Parking in NYC? And out of all the places lower Manhattan???
Why don't the tourists just deal with it the same way they deal with going to virtually any other NY attraction?
I for one think that the subway system is more than perfectly capable of handling anyone's need for travelling around NY.
It's insane to even think of all those busses being accomodated downtown --
We're not talking about busses letting people off and loading up more and then moving on. These busses will sit there for hours while the "tour groups" do their thing.
GET RID OF THE BUSSES ...
Out of towners should come into town via Grand Central / Penn Station / Port Authority and then take PUBLIC TRANSPORTATION to Downtown.
I was thinking more along the lines of the tour busses, not the out-of-town tour busses.
IOW, the ones that would be there 30-45 minutes while people did their visit to the WTC site and then moved on.
If this were to be thought of as a depot of some sort, they have to rethink this. Either have more of a parking lot for them somewhere OR park in Jersey and take a train over. (Eitehr way a lot would have to be made).
Downtown is going to be reborn on tour bus passengers spending their hour at the WTC memorial. They should knock down some of those unwanted commercial buildings, and high end condos and put in more buss facilities. Do we really need the Woolworth building? That would be a great location for tour busses.
Please, don't give these fools any more ideas ^^^
There is a piece of land (under what was the site of St. Nicholas Church / Parking Lot just south of Liberty Street) where it seems a "bus depot" of sorts is being planned:
LMDC Strikes Deal for New Liberty Park Property
June 5, 2005: After months of negotiations, the Lower Manhattan Development Corporation (LMDC) struck a $59 million deal to acquire a piece of downtown property that would complete its plan to create the new Liberty Park as part of the expanded World Trade Center site, the New York Times reported.
The vacant property, owned by the Milstein family since 1978, spans less than half an acre on the south side of Liberty Street and represents the final piece of real estate needed to construct
The NYPD, after all their last-minute security concerns that threw countless other designs for a loop at the last minute should state point blank that a bus depot anywhere near the memorial will be an impossible security concern for the area to handle. Period. Take the subway, a cab, walk, or take the tour bus to Broadway or any other city bus to its normal stop.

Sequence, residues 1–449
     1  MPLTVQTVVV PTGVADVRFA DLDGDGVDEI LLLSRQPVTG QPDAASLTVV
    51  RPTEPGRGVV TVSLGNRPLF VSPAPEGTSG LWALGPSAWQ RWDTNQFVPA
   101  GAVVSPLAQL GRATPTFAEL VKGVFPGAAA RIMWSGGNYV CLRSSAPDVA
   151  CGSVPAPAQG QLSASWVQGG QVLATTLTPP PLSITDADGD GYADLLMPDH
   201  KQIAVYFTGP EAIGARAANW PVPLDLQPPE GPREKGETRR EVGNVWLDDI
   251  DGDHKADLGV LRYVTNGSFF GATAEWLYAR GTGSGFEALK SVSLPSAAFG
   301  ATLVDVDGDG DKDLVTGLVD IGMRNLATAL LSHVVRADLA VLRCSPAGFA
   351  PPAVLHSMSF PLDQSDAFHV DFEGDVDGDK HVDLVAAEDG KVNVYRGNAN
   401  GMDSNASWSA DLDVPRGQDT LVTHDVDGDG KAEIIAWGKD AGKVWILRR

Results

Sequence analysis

Is there any reason why the MTA's enormous, and underutilized, Battery Garage cannot be retrofitted for tour buses? It is only two blocks away -- close enough to walk to the site but far enough away that a bomb there would not affect it.
Volume 19 | Issue 24 | Oct. 27 - Nov. 2, 2006
Museum gets children’s 9/11 art
The World Trade Center Memorial Foundation announced Wednesday that it received 322 drawings and crafts done by children all over the country to be part of the permanent collection of the World Trade Center Memorial Museum. The American Red Cross donated the artwork from children affected by 9/11, which was done in group therapy sessions after the attacks, as well as the work of children who sent their special brand of encouragement to the Red Cross from across the U.S. The expected completion date of the museum, which will be below the memorial plaza, is Sept. 11, 2009.
© 2006 Community Media, LLC
Volume 19 | Issue 24 | Oct. 27 - Nov. 2, 2006
9/11 families don’t care about W.T.C. box beams
By Michael Burke
We, all of us, have one duty at ground zero — what was until the morning of Sept. 11, 2001, the World Trade Center: to bear witness to the truth. It does not matter who we are, presidents, governors, mayors, billionaire developers, government officials, cultural experts, Downtown residents, witnesses, survivors, family members. The events of 9/11, the evil that struck, the death and destruction, the heroism and sacrifice bind us all equally and irrevocably. No one has the right to try and discard that truth or to substitute their version of it — for any reason.
The memorial site must speak equally to future generations as it does to us.
At Gettysburg, Lincoln said the history of the site “has consecrated this ground far above our poor power to add or detract.” At ground zero, the exact opposite philosophy has been applied.
Recently it was announced that the W.T.C. Memorial Foundation, working with “9/11 families” and “preservation groups” will spend untold millions of public funds, whether gathered through taxes or donations, to construct a 120 foot by 120 foot area 60 feet below the W.T.C. plaza that is supposed to somehow convey the breadth and majesty of two, 110-story towers that soared into the sky. They will further construct “raised walkways” to protect ground that has seen countless truck, cars and foot traffic, and rain and snow. These walkways, like ones found in pristine natural areas, will provide views of the box beam column remnants of the Twin Towers — things that practically no one has ever expressed an interest in and could not recognize if their lives depended upon it.
I have been to bedrock every anniversary; I have never seen anyone paying any attention to those remnants. Preserving space like this, 60 feet underground with a ceiling 30 feet above, is neither sacred nor historic; it is a waste of precious memorial funds. Worse, it will distract people, into perpetuity, from the truth of 9/11.
The “historic” box beam columns are not pictured in any book dedicated to 9/11; they are never featured in any exhibition or museum display. They are not featured on a single 9/11 Web site, even the crackpot ones, except for the “Coalition of 9/11 Families.”
I do not believe this is what the average person is sponsoring $500 stones for. I do not believe this is what corporations are contributing millions toward.